Small Scale Flower Farms
While most of the fresh cut flowers consumed in the worldwide market originate from large farms, growers and plantations, small scale flower farms play a bigger role in the overall sector output. The global cut flower industry provides a vital income for many people in countries like Kenya, Ecuador, Colombia and Ethiopia which are the 4 major producers of fresh cut flowers.
Challenges Faced by Small Scale Flower Farms
Some challenges are common and others are unique to the farms depending on their location or the type of flower that they are specialized in producing.
1) Poor Working Conditions for Workers
Workers in flower farms have low morale. Their exposure to poor working conditions has reduced their productivity. Some workers have become sick as a result of poor human safety related to handling chemicals. They are also never given proper training on safe use of pesticides and fertilizers.
2) Lack of Pesticide Storage Facilities
Pesticides and fertilizers are some products that a flower farm cannot do without. Small scale producer which cannot afford these facilities face a serious challenge on combating pest and diseases which in turn affects their productivity.
3) Unpredictable Climatic Change
Due to global warming, unpredictable weather changes have been a global issue that has affected most agricultural countries. Areas which were cool are becoming hotter. This has affected the agricultural sector especially flowers farms.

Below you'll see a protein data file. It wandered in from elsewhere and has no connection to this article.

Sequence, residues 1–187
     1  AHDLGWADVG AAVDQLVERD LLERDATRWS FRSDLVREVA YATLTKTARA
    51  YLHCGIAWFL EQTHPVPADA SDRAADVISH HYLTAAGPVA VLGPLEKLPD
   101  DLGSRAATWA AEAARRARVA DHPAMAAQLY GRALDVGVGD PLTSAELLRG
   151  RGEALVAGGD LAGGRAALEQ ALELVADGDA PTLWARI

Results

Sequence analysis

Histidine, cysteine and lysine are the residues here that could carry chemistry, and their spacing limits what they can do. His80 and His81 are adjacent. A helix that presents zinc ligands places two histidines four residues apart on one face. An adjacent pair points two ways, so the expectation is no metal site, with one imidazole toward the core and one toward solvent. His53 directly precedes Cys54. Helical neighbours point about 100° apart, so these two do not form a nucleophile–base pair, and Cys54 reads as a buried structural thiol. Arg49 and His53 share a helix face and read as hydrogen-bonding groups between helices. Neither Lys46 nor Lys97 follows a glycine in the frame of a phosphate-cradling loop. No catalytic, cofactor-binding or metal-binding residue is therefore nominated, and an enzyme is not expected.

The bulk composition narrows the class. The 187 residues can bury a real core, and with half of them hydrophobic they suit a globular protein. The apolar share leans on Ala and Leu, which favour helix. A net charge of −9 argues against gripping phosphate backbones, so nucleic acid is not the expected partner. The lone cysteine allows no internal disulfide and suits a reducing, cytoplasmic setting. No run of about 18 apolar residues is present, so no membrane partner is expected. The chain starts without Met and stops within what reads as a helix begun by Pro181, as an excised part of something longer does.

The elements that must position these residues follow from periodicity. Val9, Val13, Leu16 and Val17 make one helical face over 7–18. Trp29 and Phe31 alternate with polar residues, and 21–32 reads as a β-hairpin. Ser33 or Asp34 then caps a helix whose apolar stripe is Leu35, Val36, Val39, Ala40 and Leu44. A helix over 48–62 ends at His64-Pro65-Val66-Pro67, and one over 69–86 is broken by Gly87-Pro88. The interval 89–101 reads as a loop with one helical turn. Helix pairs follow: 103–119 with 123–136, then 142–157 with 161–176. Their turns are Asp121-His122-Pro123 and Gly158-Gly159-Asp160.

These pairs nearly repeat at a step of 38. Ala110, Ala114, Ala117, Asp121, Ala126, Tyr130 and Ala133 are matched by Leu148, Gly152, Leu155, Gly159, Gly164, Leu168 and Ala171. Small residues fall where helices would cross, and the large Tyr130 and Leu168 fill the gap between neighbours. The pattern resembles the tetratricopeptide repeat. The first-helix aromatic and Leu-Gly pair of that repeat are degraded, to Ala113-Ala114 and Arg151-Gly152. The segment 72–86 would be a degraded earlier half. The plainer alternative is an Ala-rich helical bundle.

4) Increased Cost Production
Higher power cost, cost of fuel and farm inputs poses cost of production to be higher. This cannot be afforded by most flower farms that are doing their best to produce up to standard flowers for the internal and external market.
5) Lack of Market
Small scale flower farms in Kenya are always faced with the challenge of market insufficiency. Having to compete with already developed farms which are also seeking new markets to diversify from the traditional European markets.
What Should Small Scale Flower Farms Do
Competition is no longer restricted to costs and price but increasingly plays out on multiple fronts: connectivity, standards and certifications, quality and innovation, exploitation of cultural and geographic endowments, etc.
Because these new fronts are constantly changing and reshaping, a competitiveness strategy should be dynamic and should simultaneously engage diverse institutions and agents that are linked at various levels on various dimensions.
With market constraints becoming increasingly complicated while worldwide supply grows and consumption stagnates, profit margins for flower producers are shrinking by the year. This is a real Global Competitiveness of the Flower Industry.